“Our main concern is that the court’s adoption of (Bullis’) interpretation of Proposition 39 imposes an additional burden upon the Los Altos School District,” Cooper said. “The district already struggles every year to meet the onerous demands imposed under Proposition 39, in addition to the fiscal challenges imposed by the state’s economic condition. This ruling now adds further complication.”
Ultimately, leaders from both sides said they want to move forward – eventually toward a permanent location for the charter school.
“The court of appeal’s ruling is the latest step in the continuing process of finding a long-standing facilities solution for (the charter school), and allowing both parties to return their focus to their core mission of educating their students,” Baier said.
“With this facilities decision final, and hopefully behind us, it is our desire to work in partnership with the district to ensure that all students are treated equitably,” Moore said.
To read the court ruling, visit www.courtinfo.ca.gov/opinions/documents/H035195.PDF.
at Wednesday, 02 November 2011 22:18by Deeply concerned
The 48 page ruling doesn't mince words. Jeff's letter to the LASD community is obscuring the reality of the situation. The docs should be mandatory reading for all interested in commenting.
at Wednesday, 02 November 2011 22:19by Ron Haley
The district failed to mention that the 2010 - 2011 offer has the same gross distortions.
Contrary to Mr. Baier's spin that the district made "its best, good-faith efforts to share facilities fairly among all students", the court found just the opposite - evidence of "bad faith".
3"LA Resident and Parent"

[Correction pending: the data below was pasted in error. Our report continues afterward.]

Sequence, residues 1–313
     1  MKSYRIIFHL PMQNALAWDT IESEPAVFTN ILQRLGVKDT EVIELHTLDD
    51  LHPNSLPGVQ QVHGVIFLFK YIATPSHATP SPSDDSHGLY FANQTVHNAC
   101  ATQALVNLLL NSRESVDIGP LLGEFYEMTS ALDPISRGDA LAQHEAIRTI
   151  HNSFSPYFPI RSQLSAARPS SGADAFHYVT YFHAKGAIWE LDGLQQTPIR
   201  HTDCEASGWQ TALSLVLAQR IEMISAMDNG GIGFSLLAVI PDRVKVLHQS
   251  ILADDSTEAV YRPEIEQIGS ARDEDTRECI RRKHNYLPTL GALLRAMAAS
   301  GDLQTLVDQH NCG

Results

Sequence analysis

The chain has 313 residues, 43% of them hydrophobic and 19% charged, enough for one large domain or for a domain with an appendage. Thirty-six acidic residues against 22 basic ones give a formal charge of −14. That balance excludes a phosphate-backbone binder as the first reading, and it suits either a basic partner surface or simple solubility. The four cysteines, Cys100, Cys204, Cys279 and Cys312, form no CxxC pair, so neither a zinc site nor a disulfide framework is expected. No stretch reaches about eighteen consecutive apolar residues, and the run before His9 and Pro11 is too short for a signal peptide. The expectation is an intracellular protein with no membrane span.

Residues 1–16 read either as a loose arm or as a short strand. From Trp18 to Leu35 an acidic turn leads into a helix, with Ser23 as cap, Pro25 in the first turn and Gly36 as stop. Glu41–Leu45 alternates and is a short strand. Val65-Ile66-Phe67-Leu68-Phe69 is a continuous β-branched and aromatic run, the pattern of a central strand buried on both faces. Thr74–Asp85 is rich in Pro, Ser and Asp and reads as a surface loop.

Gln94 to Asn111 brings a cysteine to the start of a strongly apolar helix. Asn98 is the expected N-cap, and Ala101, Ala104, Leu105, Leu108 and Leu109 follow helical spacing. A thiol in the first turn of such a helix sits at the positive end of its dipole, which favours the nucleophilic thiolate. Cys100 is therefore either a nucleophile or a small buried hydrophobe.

at Thursday, 03 November 2011 00:35by Harold Barton
Score another victory for the tiny group of millionaires who own the publicly-funded private school known as BCS.
Far from serving the original intent of Prop 39--to provide better education in undeserved areas--BCS exists within one of the highest-rated public school systems in California. There\\\'s no practical reason to have a Charter here when those amazing teachers and all of that private money at BCS could be used elsewhere to actually make a difference. The only thing they accomplish in Los Altos is to attack some of the best public schools in the state.
Sounds strange, doesn\\\'t it?
Well the reasons, I\\\'m finding out, are sordid and personal. A bunch of millionaires got pissed off at LASD so they started BCS to get back at them. The LASD eventually corrected the original disputed issue but the Charter lives on to extract vengeance, presumably.
And now our children, parents, and our property values live in a war zone.
at Monday, 07 November 2011 21:40by BCS Bad Faith
BCS lost all its previous lawsuit attempts, as ruled over the years by five different judges! BCS was acting in bad faith for all those years.
No court had ever had any problem with LASD before. Now the community needs to figure out how to go forward and placate BCS. BCS has not won any goodwill points with the community.
5"A matter of sq footage"
at Monday, 14 November 2011 12:54by David Cortright
From my reading of the ruling, it is a simple matter of sq footage calculation. BCS is simply due a bit more non-classroom space. Easily rectified I think, especially if the non-classroom space can be non-contiguous. Thankfully there is no legal problem with the classrooms, so LASD can continue to grant portables on the far edges of the district to BCS as reasonably equivalent classroom space.
The real problem I see here is BCS' unchecked growth. They added a 7th grade last year and an 8th grade this year. It is difficult to give necessary space when the requirements keep increasing year over year. BCS needs to commit to a 6-year enrollment plan, just as LASD does for its students.